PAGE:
While it is true that pagans are much more open about sex than, say, Christians, most pagans see sex as just a normal part of human life. Even the groups of pagans who believe sex is sacred tend to keep it behind closed doors. Some Wiccan covens do include a ritual representation of the sexual union of God and goddess in their rituals, but it’s nothing more explicit than a knife being lowered into a chalice.

Pagans aren’t more or less obsessed with sex than any other group of people, but they are generally more accepting of it. Because sex has no negative moral implications in pagan faiths, practitioners may feel more comfortable or confident in their sex lives than those who believe sex is sinful. In my mind, that’s a good thing.

… a system without ethics. Some people are attracted to paganism because they come from a strict religious background and believe that pagans can do whatever they want without consequences. This misconception can lead to frustration when they learn that pagan faiths, like all religions, have rules.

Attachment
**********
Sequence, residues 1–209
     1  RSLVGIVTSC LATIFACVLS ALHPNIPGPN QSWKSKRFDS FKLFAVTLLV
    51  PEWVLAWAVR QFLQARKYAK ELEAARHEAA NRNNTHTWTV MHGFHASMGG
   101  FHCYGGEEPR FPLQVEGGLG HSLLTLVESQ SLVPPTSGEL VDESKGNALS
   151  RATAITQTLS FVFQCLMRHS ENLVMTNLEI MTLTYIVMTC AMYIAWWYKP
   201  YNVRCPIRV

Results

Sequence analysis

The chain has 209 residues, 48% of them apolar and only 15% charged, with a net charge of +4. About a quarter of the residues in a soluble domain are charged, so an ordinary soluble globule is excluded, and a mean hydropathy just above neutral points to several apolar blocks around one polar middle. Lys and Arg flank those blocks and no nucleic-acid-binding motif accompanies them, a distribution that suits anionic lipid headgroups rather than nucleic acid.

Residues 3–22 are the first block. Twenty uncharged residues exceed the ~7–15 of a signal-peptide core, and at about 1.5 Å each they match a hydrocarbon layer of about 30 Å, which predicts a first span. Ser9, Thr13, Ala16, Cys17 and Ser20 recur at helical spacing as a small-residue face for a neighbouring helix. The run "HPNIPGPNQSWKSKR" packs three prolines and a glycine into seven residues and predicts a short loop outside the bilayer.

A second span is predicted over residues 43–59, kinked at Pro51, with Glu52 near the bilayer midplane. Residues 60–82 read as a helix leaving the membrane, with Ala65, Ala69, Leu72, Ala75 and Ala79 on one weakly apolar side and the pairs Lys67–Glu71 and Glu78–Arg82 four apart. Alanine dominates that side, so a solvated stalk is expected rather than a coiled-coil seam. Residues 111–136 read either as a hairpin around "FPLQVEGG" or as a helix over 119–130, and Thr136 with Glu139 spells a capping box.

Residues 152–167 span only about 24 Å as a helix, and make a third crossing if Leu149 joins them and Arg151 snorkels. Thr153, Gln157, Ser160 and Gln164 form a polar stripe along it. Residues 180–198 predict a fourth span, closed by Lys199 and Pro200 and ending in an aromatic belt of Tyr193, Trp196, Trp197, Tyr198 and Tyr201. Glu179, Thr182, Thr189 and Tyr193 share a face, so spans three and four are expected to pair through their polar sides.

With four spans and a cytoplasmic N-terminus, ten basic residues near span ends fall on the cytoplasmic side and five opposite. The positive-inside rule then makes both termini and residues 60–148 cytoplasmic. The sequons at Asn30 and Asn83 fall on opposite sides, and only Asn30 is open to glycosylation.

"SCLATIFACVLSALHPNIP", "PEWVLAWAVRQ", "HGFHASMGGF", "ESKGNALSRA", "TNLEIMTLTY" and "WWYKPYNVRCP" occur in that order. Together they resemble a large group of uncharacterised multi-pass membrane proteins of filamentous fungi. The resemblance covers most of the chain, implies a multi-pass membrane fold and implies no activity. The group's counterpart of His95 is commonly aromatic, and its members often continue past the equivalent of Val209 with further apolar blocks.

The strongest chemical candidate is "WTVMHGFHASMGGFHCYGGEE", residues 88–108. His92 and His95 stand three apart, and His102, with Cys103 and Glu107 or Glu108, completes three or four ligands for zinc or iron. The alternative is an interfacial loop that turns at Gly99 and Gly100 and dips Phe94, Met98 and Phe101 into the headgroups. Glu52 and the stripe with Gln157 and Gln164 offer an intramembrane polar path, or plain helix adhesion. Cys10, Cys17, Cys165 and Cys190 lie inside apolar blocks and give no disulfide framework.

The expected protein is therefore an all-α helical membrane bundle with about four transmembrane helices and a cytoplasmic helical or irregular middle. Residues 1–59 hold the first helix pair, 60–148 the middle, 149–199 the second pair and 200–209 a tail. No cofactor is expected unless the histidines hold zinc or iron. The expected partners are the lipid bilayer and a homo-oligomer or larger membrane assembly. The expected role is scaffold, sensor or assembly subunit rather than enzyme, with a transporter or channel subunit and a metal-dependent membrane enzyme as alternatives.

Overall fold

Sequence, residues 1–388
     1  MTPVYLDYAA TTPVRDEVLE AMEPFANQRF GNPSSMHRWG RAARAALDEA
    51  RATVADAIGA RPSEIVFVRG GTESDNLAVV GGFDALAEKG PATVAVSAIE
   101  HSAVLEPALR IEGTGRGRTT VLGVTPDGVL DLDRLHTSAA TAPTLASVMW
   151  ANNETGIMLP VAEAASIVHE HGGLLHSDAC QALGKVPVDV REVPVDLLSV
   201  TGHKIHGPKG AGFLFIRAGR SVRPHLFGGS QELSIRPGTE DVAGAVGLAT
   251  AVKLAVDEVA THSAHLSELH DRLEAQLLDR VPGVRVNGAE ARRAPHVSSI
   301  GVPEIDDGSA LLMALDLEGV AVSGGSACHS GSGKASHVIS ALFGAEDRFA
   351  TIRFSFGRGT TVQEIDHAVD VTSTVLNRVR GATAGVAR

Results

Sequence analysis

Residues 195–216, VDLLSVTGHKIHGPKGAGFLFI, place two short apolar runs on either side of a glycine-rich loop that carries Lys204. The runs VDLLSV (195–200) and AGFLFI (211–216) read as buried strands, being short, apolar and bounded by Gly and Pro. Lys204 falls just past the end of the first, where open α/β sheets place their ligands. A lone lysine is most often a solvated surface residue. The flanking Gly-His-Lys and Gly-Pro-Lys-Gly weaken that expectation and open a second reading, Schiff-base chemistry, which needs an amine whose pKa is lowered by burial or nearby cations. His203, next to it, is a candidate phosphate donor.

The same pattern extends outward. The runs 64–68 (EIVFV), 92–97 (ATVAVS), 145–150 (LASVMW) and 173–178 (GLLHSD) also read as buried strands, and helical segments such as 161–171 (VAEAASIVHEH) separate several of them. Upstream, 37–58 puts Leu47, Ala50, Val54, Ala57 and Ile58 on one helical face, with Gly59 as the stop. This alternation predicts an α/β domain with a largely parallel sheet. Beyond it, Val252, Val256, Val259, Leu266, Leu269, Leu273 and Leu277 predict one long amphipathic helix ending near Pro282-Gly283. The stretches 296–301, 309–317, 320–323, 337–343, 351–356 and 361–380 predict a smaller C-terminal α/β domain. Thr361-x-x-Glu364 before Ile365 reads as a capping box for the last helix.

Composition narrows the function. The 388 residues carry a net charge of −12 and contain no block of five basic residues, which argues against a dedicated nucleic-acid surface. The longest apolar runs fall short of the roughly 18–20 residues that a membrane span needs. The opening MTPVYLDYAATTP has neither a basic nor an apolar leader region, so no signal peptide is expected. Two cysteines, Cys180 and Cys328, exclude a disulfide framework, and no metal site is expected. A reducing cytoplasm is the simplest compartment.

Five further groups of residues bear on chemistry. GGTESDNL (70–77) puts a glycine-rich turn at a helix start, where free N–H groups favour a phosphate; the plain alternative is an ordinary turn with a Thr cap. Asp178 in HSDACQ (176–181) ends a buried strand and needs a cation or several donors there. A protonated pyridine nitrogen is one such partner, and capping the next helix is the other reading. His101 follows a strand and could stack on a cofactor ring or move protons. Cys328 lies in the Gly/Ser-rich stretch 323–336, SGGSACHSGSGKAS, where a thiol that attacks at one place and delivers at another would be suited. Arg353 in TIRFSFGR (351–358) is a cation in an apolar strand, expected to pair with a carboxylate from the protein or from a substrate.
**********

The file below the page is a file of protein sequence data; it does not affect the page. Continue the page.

As previously mentioned, most pagans have a clearly defined moral code. It may be as simple as “harm none” or a complex system of rules and rituals. Either way, the point is that pagans follow rules, even if they may not be exactly the same rules as other religions.

… only for hippies. On the opposite side of the pop culture spectrum from the “scary cultist” stereotype is the stereotype of pagans are tree-hugging hippies. While it is true that pagans tend to care deeply about the environment, to say that all pagans are hippies would be an overstatement. There certainly are pagans who fit this stereotype, but for the most part pagans look just like everyone else. Which is to say, you can’t tell their religion just by looking at them.

… New Age. Paganism and New Age spirituality are two different things that often get confused or conflated in pop culture. The two movements are actually quite different, although some pagans may also be involved in New Age practices.

Paganism is based on pre-Christian religions from Europe and North Africa. New Age spirituality was largely inspired by alternative spiritual movements of the 19th century, such as the New Thought movement, the Theosophical Society, and spiritualism. Core New Age principles include the Law of Attraction, the belief that all humans are spiritual beings, and the idea of universal life energy.